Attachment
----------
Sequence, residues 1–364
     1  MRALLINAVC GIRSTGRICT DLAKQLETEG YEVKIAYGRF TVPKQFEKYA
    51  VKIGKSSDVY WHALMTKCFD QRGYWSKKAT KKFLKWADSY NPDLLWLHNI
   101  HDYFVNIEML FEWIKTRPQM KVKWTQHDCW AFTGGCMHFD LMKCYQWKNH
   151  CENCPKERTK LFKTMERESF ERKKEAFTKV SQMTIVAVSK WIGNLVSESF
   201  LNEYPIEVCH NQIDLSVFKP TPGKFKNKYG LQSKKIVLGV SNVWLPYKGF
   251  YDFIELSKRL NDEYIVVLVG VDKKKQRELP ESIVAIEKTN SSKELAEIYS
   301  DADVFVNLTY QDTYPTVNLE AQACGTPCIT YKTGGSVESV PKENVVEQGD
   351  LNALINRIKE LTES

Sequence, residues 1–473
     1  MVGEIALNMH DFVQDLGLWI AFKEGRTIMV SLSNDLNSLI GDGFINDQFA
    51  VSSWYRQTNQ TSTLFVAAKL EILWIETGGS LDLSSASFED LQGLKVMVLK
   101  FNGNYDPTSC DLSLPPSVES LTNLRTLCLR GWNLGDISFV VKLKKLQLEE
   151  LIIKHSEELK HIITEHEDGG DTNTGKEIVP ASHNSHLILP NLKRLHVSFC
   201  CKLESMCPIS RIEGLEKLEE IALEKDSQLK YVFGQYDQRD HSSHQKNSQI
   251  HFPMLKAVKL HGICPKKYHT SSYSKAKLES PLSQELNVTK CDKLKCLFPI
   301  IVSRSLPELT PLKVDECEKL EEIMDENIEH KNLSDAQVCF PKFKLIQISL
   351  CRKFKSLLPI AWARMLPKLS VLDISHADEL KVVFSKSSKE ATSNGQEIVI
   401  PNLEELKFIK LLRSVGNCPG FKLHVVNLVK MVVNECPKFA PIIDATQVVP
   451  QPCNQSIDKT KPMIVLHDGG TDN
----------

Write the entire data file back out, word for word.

Sequence, residues 1–364
     1  MRALLINAVC GIRSTGRICT DLAKQLETEG YEVKIAYGRF TVPKQFEKYA
    51  VKIGKSSDVY WHALMTKCFD QRGYWSKKAT KKFLKWADSY NPDLLWLHNI
   101  HDYFVNIEML FEWIKTRPQM KVKWTQHDCW AFTGGCMHFD LMKCYQWKNH
   151  CENCPKERTK LFKTMERESF ERKKEAFTKV SQMTIVAVSK WIGNLVSESF
   201  LNEYPIEVCH NQIDLSVFKP TPGKFKNKYG LQSKKIVLGV SNVWLPYKGF
   251  YDFIELSKRL NDEYIVVLVG VDKKKQRELP ESIVAIEKTN SSKELAEIYS
   301  DADVFVNLTY QDTYPTVNLE AQACGTPCIT YKTGGSVESV PKENVVEQGD
   351  LNALINRIKE LTES

Sequence, residues 1–473
     1  MVGEIALNMH DFVQDLGLWI AFKEGRTIMV SLSNDLNSLI GDGFINDQFA
    51  VSSWYRQTNQ TSTLFVAAKL EILWIETGGS LDLSSASFED LQGLKVMVLK
   101  FNGNYDPTSC DLSLPPSVES LTNLRTLCLR GWNLGDISFV VKLKKLQLEE
   151  LIIKHSEELK HIITEHEDGG DTNTGKEIVP ASHNSHLILP NLKRLHVSFC
   201  CKLESMCPIS RIEGLEKLEE IALEKDSQLK YVFGQYDQRD HSSHQKNSQI
   251  HFPMLKAVKL HGICPKKYHT SSYSKAKLES PLSQELNVTK CDKLKCLFPI
   301  IVSRSLPELT PLKVDECEKL EEIMDENIEH KNLSDAQVCF PKFKLIQISL
   351  CRKFKSLLPI AWARMLPKLS VLDISHADEL KVVFSKSSKE ATSNGQEIVI
   401  PNLEELKFIK LLRSVGNCPG FKLHVVNLVK MVVNECPKFA PIIDATQVVP
   451  QPCNQSIDKT KPMIVLHDGG TDN